Tim Comber & John Maltby
Evaluating Usability of Screen Designs With Layout Complexity
Launcher Usability has been defined as consisting of effectiveness, learnability, flexibility, and attitude (Lindgaard, 1994). The pilot experiment was designed to test three of these components of usability; effectiveness, learnability, and attitude. The pilot consisted of a simple application, Launcher (Figure 5), running under Microsoft Windows that calculated layout complexity for each design iteration. Launcher was originally designed as an example application for a Visual Basic tutorial and provides an alternative to the Window' “ Program Manager” and “ File Manager” . Visual Basic (VB) was s chosen to build the application and collect data as it could provide the necessary information about the dimensions and positions of most objects. It also could be used to track the user' progress with a s task, keeping a record of each event and time taken.
Figure 5: The application, "Launcher", used in this experiment
Four different screen layouts were designed, each with a different complexity score. The screen with the lowest score consisted of objects arranged in a neat grid with almost uniform sizes. The next two screens consisted of almost normal layouts and the final screen had every object with a different size and position. Table 4 shows the complexity ratings for each of the four screens used in the experiment. The theoretical minimum was not achievable in VB, when using different objects, as some objects could not be resized to match other objects ie objects in VB have a fixed size relationship to other objects.
DSV-IS’96 Theory min. 71 0% Complexity Scores for 17 Objects Scr. 1 Scr. 2 Scr. 3 Scr. 4 156 42% 170 49% 186 57% 228 78% Theory max. 272 100%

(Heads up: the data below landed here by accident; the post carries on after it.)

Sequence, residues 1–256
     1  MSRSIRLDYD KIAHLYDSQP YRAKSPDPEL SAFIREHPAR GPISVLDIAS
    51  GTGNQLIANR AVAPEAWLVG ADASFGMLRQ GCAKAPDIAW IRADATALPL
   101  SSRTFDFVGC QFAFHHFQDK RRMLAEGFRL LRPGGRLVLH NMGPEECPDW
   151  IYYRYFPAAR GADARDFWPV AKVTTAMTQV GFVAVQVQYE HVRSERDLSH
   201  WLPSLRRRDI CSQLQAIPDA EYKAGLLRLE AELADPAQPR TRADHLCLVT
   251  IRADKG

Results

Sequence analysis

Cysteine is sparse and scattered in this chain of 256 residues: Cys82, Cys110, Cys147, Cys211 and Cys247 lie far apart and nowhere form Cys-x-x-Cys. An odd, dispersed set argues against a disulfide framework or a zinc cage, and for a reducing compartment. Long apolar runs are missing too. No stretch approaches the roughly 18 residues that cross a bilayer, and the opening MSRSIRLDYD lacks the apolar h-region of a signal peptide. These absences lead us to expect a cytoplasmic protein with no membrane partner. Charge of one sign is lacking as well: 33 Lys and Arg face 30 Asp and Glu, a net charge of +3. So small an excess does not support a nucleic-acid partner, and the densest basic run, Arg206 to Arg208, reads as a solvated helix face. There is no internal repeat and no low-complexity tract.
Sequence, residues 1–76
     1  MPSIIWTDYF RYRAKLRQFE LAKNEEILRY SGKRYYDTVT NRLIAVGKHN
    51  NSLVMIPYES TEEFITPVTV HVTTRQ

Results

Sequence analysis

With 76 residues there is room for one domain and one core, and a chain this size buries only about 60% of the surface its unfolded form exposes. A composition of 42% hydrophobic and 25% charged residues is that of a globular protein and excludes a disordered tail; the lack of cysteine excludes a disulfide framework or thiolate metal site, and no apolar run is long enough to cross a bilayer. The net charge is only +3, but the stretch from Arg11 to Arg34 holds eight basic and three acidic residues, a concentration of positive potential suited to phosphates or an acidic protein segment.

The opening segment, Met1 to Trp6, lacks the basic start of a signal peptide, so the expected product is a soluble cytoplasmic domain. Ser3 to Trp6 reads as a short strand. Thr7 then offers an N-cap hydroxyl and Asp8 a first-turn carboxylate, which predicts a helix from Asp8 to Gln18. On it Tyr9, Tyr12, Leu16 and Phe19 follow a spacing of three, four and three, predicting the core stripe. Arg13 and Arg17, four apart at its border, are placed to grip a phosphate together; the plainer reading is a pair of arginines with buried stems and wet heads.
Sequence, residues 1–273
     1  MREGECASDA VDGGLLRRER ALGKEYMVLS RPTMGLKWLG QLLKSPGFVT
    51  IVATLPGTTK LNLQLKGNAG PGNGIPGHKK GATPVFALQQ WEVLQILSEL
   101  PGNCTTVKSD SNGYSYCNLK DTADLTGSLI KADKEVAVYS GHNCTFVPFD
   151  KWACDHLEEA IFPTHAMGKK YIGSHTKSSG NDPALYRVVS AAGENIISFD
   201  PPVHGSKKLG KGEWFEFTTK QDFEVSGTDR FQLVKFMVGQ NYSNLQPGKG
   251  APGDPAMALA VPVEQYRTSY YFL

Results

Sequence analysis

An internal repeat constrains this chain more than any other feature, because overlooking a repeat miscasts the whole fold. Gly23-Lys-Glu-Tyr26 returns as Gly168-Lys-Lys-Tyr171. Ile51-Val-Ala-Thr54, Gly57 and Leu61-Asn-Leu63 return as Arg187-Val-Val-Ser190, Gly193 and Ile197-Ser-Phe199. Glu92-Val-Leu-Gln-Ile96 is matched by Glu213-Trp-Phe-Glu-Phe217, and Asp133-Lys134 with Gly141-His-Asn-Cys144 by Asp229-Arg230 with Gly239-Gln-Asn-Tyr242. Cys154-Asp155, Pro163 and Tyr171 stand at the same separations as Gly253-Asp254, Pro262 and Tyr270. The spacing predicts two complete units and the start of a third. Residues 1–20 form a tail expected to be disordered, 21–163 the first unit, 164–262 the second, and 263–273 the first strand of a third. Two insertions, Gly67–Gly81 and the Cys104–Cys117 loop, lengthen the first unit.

Tim Comber & John Maltby
Table 4: Complexity scores for 17 objects
Seven experienced computer users volunteered to take part in the pilot study. Each subject was asked to read an ethics disclaimer and answer some basic questions about computer usage and experience. They were then requested to select a file, add it to a list, change its name and quit for each screen. At the completion of the first stage they were asked to indicate their preferences for the different screens. They were given the choice of looking at printed copies of the screens or selecting images of the screens. The application was designed to record the time it took users to complete each step in a task and to record any errors. The subjects were then asked to run through the experiment again thus giving a second set of data for the same task and screen. It was expected that any improvement in performance for the second run would indicate an interface that was more learnable and memorable.
Results and Discussion
Each subject scored 1 if the screen was completed correctly and 0 if any mistake was made. This provided a simple measure of error rates. Table 5 shows the percentage correct for each screen design and for each run of the experiment.
Percentage error-free screens Run First Second Mean Screen1 29% 43% 36% Screen2 71% 86% 79% Screen3 100% 71% 86% Screen4 71% 71% 71%
Table 5: Percentage of screens that were completed without errors There were no errors for Screen 3 in the first run and in the second run Screen 2 had the least errors. The two screens at either end of the complexity scale exhibited more errors, however the results for Screen 1 were confounded by confusion about the task and which object to choose. The total time spent on each screen is presented in Table 6. It can be seen that there was an overall improvement in task completion time from the first run to the second run. Screen 1 and Screen 4 were slower to complete. The times for Screen 1 were possibly affected by the same problems as mentioned previously.
Total Time Spent (s) Run First Second Total Scr. 1 221 133 354 Scr. 2 165 125 290 Scr. 3 147 129 276 Scr. 4 145 148 293 Total 678 535
Table 6: Time spent completing the task for each screen and run The subjects were asked to choose the most preferred screen (Table 7). The votes for re-design are shown as minus figures to highlight the negative nature of the statement. Some subjects changed their minds on the second run. The reasons for this were not explored.